The Oxford dictionary defines to collaborate as:

  1. to work jointly esp. in a literary or artistic production.
  2. to cooperate traitorously with the enemy.

Perhaps it’s this sinister connotation that publishers have in mind when they try to keep authors and illustrators apart (in case the author and illustrator start collaborating against them). But don’t be put off – there’s something very positive about working with your illustrator.

Jude Daly and I have collaborated for many years. I claim her as one claims my agent and my publisher – mine even though she works for others. Since we both grew up next to the sea on opposite sides of the same bay, I like to think there were currents flowing between us, long before we met. The same sea washed up on her beach that washed up on mine and I like to imagine when the South-Easter blew my beach ball out to sea, it landed up safely in her hands on the other side of the bay!

The great plus of a partnership is that you give your illustrator the unthinkably impossible – you sprinkle words lightly, mix them all together and hand over the dough to rise in someone else’s kitchen, because you’re confidant they’ll know what’s inside your head. The sweep of the Persian desert, the void at the beginning of creation, the overwhelming loneliness of the Atlantic Ocean, are handed over without qualms. Not only does she succeed but she expands these concepts so that the scorching desert lives on beyond the double page spread of the book’s borders and the mists of the ocean curl up around the end pages. Baking at its best!

Another plus of collaboration is that as the images emerge, your words can be edited. (Eventually all the words could be redundant but it’s hard to convince your friends and family that you’re a writer when you show them your wordless book!)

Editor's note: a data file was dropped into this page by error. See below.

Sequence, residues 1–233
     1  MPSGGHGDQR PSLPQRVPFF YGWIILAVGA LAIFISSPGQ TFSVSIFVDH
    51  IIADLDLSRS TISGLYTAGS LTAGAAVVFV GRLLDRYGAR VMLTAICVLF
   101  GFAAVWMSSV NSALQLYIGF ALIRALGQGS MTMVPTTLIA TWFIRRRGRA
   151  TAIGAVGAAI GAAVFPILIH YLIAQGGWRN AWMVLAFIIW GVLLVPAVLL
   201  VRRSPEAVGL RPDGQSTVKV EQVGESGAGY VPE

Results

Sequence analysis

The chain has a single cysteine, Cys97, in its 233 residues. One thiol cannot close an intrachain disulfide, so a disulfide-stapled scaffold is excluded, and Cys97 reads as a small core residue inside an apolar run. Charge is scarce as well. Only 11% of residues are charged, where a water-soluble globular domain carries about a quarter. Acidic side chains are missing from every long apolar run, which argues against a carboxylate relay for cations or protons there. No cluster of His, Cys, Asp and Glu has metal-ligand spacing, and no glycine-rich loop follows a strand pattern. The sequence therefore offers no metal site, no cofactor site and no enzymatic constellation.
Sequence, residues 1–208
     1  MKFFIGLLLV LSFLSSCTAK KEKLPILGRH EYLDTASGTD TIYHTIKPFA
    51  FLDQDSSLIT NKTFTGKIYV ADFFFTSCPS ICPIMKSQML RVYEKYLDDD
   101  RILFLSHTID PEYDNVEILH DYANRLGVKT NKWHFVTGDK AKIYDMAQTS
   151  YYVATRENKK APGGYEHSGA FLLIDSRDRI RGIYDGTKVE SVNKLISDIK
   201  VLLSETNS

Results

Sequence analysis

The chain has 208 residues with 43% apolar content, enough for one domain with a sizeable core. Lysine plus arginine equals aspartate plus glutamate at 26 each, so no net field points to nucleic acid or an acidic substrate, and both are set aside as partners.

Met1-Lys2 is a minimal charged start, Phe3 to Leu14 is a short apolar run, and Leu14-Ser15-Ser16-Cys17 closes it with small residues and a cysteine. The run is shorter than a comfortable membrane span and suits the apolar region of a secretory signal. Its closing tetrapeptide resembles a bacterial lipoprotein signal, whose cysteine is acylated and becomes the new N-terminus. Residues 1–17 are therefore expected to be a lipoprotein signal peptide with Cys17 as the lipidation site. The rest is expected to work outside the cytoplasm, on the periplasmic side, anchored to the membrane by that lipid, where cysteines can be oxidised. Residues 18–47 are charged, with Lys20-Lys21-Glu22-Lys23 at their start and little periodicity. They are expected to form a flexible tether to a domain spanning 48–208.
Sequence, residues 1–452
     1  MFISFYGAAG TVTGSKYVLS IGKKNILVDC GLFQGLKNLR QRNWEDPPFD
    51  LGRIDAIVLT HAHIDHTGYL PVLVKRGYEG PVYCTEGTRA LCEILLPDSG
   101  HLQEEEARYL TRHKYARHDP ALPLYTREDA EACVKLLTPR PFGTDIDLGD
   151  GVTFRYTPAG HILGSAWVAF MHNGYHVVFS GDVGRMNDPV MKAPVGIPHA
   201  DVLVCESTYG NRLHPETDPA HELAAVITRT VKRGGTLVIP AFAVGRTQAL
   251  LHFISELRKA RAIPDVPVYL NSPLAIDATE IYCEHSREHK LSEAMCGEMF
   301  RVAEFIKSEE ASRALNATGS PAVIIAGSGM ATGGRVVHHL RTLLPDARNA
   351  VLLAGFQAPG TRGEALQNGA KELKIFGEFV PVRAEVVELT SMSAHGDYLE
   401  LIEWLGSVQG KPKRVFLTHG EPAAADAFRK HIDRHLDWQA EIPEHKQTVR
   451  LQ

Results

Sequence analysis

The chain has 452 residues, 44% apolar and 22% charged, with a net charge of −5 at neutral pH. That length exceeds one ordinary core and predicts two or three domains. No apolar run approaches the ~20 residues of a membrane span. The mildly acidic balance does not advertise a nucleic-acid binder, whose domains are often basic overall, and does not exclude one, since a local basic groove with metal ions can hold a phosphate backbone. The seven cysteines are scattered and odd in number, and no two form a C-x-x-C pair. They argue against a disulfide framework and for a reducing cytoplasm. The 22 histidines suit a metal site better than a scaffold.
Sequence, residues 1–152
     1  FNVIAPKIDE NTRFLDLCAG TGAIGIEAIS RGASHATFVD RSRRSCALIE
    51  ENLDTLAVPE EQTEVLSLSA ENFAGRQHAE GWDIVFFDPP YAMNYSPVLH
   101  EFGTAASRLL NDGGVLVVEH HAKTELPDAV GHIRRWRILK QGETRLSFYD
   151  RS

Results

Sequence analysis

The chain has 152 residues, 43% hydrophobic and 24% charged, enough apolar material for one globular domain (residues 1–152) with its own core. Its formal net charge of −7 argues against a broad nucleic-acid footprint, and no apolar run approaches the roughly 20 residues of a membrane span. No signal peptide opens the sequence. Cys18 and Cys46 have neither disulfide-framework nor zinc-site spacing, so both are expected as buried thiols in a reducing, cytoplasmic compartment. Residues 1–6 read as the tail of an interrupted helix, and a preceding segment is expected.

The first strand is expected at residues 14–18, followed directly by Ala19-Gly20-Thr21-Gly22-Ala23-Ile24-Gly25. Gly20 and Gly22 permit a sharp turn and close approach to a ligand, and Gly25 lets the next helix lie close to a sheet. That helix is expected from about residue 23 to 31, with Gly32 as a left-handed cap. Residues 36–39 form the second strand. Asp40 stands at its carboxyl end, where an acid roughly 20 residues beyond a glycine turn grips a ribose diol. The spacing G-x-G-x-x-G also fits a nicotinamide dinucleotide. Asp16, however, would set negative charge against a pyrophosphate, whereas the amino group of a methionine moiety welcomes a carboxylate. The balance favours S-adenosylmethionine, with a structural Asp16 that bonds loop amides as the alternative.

The whole process becomes a playful one. Here are a few excerpts from Jude’s emails while she was working on The Faraway Island

I am painting pomegranates on Ferdinand’s pomegranate tree while his pineapples and bananas dry. Callas is serenading him, and me. As fast as I paint though, the sailors are picking the fruit!’

And… ‘A sparkling day in CT. (Cape Town) Our gardener and seamstress are about to set foot on his island. And, as you wrote, “on the long journey, she busied herself mending the ship’s sails” – in full flight, which just goes to show her incorrigible nature.’

Finally… ‘I don’t think I have been as enchanted by the characters I’m illustrating as I am with these… they have really got to me.’

So don’t be put off by publishers who say ‘we like to keep our authors and illustrators separate’. A collaboration is the best kind of picture book where ideas flow freely between you and your illustrator but at the same time you’re still breathless with awe when you see the illustrations in full colour for the first time.